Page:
The Modern English Version (MEV) a Curious and Surprising Translation.

Passio MEV Bible 009

I came across the MEV by chance while searching for different translations.  I was curious because I have never heard of the MEV before.  When looking into it I found out some more details that made me even more curious.  I found out that it is a modern translation that seeks to be as “word for word” accurate as it can be while maintaining the King James text in modern English.  I was a bit puzzled by this as we now have many more manuscripts, some are older and some are more reliable than the Textus Receptus. As for a modern version of the KJV, well we already have the New King James Version (NKJV) as for modern translations, I prefer the NASB as it makes use of many of the manuscripts we have discovered over the last couple hundred years without including the errors Erasmus made for the sake of expediency.  This is one of the differences between the MEV and other modern translations.  It is kind of like building a modern car, but using an old flat head motor.  The Textus Receptus isn’t horrible, it just isn’t as good as the manuscripts we now have.

With those concerns considered I turned my attention to the actual translation of the MEV.  I’m glad to say, that so far this has turned out to be pretty accurate and reliable.  I’ve been reading it with my NA28, NASB, KJV, and NKJV side by side.  I actually prefer the way the MEV renders some words over the NASB.  For instance, in the New Testament the NASB renders, “Χριστός” as, “Messiah” instead of, “Christ” where the MEV renders it as, “Christ.”  The MEV makes us of capital letters when referring to God, but not as much as the NASB.  The NASB does a better job in other areas as well.  For instance in John 1:5 I like the rendering of, “κατέλαβεν” as, “comprehend” more than, “overcome.”  I understand that there is the implication in the Greek of struggling with a concept to finally comprehend it or overcome it.  I just think that the English word, “overcome” has connotations that could lead one to think of a contest, battle, or race, without and missing out on the more important implication of comprehension.

Here is an excerpt from the MEV page, “The MEV is a translation of the Textus Receptus and the Jacob ben Hayyim edition of the Masoretic Text, using the King James Version as the base manuscript.  The MEV is a literal translation. It is also often referred to as a formal correspondence translation.  The Committee on Bible Translation began their work on the MEV in 2005 and completed it in 2013.”  It also appears that some of the endorsers mention that this is the 1611 authorized with modern language.  These lead me to believe that they haven’t fixed the problems that Erasmus introduced.  Here are the last 8 verses from Revelation out of the 1611 Authorized KJV, the Cambridge KJV, The MEV, and the NASB, in that order:

“14 Blessed are they that do his commandements, that they may haue right to the tree of life, and may enter in thorow the gates into the citie.

14Blessed are they that do his commandments, that they may have right to the tree of life, and may enter in through the gates into the city.

14 Blessed are those who do His commandments, that they may have the right to the tree of life, and may enter through the gates into the city.

14 Blessed are those who wash their robes, so that they may have the right to the tree of life, and may enter by the gates into the city.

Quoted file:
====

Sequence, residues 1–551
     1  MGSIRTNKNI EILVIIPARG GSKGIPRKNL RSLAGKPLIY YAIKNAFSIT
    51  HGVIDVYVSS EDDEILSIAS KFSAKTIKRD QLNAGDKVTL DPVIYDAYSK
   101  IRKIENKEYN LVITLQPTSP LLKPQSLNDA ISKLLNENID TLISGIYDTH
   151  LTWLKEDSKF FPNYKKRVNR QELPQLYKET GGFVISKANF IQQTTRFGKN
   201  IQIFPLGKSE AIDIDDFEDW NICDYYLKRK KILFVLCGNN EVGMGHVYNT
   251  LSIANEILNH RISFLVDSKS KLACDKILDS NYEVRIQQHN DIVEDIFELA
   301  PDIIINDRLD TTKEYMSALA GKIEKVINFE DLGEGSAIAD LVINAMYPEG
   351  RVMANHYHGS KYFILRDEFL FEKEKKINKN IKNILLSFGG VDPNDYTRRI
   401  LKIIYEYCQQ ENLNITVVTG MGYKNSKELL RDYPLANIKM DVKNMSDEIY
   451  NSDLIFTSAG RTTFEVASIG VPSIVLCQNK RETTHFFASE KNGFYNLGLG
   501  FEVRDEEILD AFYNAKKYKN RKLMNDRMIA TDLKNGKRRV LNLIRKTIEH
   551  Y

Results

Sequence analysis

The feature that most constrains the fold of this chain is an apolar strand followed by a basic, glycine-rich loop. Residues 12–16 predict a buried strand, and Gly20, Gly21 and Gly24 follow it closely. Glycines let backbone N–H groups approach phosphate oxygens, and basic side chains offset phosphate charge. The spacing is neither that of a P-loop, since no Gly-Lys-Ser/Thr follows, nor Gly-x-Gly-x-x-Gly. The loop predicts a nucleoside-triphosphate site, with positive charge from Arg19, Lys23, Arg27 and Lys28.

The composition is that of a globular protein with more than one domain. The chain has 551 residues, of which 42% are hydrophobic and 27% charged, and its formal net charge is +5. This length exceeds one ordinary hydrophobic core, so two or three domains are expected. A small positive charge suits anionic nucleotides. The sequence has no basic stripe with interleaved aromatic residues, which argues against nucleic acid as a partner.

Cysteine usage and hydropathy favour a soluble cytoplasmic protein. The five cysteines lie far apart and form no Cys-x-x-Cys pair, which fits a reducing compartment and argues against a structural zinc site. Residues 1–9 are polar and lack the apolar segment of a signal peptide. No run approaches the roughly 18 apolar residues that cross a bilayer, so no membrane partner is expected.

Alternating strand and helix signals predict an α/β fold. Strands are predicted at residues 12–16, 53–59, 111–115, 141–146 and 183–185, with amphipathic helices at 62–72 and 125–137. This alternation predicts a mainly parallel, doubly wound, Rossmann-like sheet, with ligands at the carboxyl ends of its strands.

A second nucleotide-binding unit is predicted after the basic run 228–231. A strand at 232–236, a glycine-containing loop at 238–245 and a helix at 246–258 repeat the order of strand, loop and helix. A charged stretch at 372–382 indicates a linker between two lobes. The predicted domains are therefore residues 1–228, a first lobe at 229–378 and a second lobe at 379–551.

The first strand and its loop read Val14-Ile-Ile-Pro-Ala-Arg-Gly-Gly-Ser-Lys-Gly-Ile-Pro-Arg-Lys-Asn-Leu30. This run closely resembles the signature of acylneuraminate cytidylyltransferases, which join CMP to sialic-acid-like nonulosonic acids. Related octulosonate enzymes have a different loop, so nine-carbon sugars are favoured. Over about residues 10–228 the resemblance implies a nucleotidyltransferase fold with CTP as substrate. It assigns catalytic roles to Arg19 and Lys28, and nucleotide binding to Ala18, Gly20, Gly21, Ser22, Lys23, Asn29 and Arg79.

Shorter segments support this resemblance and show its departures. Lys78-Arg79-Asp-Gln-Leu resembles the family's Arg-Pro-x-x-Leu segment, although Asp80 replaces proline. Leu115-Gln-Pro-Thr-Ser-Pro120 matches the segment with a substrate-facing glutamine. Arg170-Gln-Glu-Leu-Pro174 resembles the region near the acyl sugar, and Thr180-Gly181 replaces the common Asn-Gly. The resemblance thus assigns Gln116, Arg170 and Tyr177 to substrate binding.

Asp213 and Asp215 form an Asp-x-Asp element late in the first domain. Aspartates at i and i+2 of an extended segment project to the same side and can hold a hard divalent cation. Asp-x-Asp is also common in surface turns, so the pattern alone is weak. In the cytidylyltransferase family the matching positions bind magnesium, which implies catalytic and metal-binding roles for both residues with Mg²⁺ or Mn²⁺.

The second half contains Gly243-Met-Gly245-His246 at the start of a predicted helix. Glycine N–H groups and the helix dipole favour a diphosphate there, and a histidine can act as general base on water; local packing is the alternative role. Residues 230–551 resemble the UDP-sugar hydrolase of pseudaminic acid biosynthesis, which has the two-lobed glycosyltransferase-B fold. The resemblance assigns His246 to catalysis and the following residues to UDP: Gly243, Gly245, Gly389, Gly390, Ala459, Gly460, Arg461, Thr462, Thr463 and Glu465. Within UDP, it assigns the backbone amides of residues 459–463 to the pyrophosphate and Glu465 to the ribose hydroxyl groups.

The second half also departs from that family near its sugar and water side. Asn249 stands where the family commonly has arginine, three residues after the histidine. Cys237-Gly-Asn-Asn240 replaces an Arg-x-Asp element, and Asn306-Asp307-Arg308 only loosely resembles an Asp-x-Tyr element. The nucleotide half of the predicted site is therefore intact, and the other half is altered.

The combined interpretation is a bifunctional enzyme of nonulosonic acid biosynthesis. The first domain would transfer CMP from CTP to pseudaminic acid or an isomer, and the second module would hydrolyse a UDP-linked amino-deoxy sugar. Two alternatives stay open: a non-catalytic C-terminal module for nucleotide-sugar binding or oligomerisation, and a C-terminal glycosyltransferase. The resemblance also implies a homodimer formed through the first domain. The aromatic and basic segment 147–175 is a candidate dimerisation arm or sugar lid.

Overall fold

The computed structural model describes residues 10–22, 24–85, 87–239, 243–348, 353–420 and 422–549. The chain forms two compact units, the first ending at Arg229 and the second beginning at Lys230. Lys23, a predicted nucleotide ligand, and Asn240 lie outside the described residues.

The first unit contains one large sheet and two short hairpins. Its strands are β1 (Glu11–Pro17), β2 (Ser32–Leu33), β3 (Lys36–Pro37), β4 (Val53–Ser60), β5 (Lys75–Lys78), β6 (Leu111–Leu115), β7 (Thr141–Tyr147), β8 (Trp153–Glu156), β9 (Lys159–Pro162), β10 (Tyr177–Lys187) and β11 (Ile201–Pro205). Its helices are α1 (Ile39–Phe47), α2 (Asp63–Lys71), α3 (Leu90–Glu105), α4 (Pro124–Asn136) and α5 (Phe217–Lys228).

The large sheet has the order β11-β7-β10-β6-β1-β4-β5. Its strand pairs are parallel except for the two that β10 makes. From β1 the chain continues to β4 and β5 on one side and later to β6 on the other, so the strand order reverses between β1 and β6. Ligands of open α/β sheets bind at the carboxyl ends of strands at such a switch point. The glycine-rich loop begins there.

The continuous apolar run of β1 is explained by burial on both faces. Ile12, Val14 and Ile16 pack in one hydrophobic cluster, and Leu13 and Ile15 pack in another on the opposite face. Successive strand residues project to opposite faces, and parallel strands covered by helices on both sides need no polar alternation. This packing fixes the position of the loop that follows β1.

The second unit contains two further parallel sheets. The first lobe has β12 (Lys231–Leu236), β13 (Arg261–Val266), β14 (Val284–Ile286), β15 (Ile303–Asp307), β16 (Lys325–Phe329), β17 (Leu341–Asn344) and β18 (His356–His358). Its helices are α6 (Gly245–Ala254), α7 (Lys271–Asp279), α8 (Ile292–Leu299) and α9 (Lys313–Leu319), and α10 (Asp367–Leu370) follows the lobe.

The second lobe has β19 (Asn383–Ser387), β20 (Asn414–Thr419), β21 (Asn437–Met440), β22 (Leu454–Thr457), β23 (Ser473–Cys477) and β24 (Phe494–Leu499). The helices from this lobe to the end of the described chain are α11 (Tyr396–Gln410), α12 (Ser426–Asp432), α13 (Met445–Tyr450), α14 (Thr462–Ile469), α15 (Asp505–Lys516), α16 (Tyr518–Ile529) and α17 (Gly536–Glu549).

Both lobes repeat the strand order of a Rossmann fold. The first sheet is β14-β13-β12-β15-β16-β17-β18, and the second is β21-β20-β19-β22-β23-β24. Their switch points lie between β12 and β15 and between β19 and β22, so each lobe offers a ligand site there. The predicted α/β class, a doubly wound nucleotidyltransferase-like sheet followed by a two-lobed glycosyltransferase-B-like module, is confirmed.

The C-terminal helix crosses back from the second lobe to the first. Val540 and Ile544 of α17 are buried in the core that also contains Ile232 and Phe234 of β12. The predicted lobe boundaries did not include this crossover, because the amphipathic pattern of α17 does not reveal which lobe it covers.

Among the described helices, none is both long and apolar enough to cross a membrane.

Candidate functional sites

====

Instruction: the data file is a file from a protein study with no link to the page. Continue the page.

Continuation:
15 For without are dogs, and sorcerers, and whoremongers, and murderers, and idolaters, and whosoeuer loueth and maketh a lie.

15For without are dogs, and sorcerers, and whoremongers, and murderers, and idolaters, and whosoever loveth and maketh a lie.

15 Outside are dogs and sorcerers and the sexually immoral and murderers and idolaters and everyone who loves and practices a lie.

15 Outside are the dogs and the sorcerers and the immoral persons and the murderers and the idolaters, and everyone who loves and practices lying.

16 I Iesus haue sent mine Angel, to testifie vnto you these things in the Churches. I am the roote and the offspring of Dauid, and the bright and morning starre.

16I Jesus have sent mine angel to testify unto you these things in the churches. I am the root and the offspring of David, and the bright and morning star.

16 “I, Jesus, have sent My angel to you with this testimony for the churches. I am the Root and the Offspring of David, the Bright and Morning Star.”

16 “I, Jesus, have sent My angel to testify to you these things  [fn]for the churches. I am the root and the descendant of David, the bright morning star.”

17 And the Spirit and the Bride say, Come. And let him that heareth, say, Come. And let him that is a thirst, come. And whosoeuer will, let him take the water of life freely.

17And the Spirit and the bride say, Come. And let him that heareth say, Come. And let him that is athirst come. And whosoever will, let him take the water of life freely.

17 The Spirit and the bride say, “Come.” Let him who hears say, “Come.” Let him who is thirsty come. Let him who desires take the water of life freely.

17 The Spirit and the bride say, “Come.” And let the one who hears say, “Come.” And let the one who is thirsty come; let the one who wishes take the water of life without cost.

18 For I testifie vnto euery man that heareth the wordes of the prophesie of this booke, If any man shal adde vnto these things, God shall adde vnto him the plagues, that are written in this booke.

18For I testify unto every man that heareth the words of the prophecy of this book, If any man shall add unto these things, God shall add unto him the plagues that are written in this book: